Guidelines Issued on Substance Use Disorder Treatment for Nurses
Health care facilities should provide education to nurses relating to alcohol and drug use, and promote safe, drug-free workplaces.
(HealthDay News) -- In a joint position statement published online May 2 in the Journal of Addictions Nursing, the Emergency Nurses Association and International Nurses Society on Addictions present guidelines relating to substance use disorders for nurses and nursing students.
Stephen Strobbe, Ph.D., R.N., from the University of Michigan School of Nursing in Ann Arbor, and Melanie Crowley, R.N., from the Emergency Nurses Association, address the treatment of alcohol and other substance use disorders among nurses and nursing students.
The authors note that health care facilities should provide education to nurses and other employees relating to alcohol and drug use, and promote safe, supportive drug-free workplaces. Alternative-to-discipline approaches should be adopted by health care facilities and nursing schools in order to treat nurses and nursing students with substance use disorders, with the aims of retention, rehabilitation, and reentry into safe, professional practice. In the context of personal use, drug diversion should be viewed mainly as a symptom of a serious and treatable disease, and not only as a crime. Nurses and nursing students should be aware of substance abuse-associated risks, impaired practice, and drug diversions, and should have the responsibility and means to report suspected or actual concerns.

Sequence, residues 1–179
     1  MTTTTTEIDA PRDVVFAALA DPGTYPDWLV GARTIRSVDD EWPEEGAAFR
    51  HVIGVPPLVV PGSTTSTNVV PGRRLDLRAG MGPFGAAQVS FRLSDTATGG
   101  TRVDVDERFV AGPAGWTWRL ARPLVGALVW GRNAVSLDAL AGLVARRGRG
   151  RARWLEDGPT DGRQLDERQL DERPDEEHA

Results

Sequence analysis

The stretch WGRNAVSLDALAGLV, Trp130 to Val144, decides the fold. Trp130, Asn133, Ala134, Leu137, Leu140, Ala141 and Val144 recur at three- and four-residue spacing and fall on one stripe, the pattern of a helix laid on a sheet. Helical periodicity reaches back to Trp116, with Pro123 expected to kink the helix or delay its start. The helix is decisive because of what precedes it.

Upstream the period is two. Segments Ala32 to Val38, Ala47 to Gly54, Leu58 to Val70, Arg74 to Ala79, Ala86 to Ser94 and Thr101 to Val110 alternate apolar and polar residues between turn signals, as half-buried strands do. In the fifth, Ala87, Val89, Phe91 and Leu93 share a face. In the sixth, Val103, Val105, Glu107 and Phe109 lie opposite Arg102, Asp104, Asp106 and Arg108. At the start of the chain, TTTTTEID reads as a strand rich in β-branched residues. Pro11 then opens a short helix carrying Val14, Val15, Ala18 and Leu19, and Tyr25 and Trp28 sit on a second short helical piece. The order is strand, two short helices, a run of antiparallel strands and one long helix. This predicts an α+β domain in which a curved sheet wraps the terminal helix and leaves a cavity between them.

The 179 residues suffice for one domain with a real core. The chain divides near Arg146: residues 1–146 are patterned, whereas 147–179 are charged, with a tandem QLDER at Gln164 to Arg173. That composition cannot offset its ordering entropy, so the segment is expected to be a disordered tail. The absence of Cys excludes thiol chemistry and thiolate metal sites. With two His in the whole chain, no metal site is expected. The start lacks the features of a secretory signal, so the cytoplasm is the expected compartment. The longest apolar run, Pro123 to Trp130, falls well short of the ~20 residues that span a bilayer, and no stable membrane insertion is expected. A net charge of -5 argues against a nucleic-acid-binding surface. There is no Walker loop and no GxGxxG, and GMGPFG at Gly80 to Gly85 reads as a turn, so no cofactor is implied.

"Professional monitoring programs that employ an alternative-to-discipline approach have been shown to be effective in the treatment of health professionals with substance use disorders and are considered a standard for recovery, with high rates of completion and return to practice," the authors write.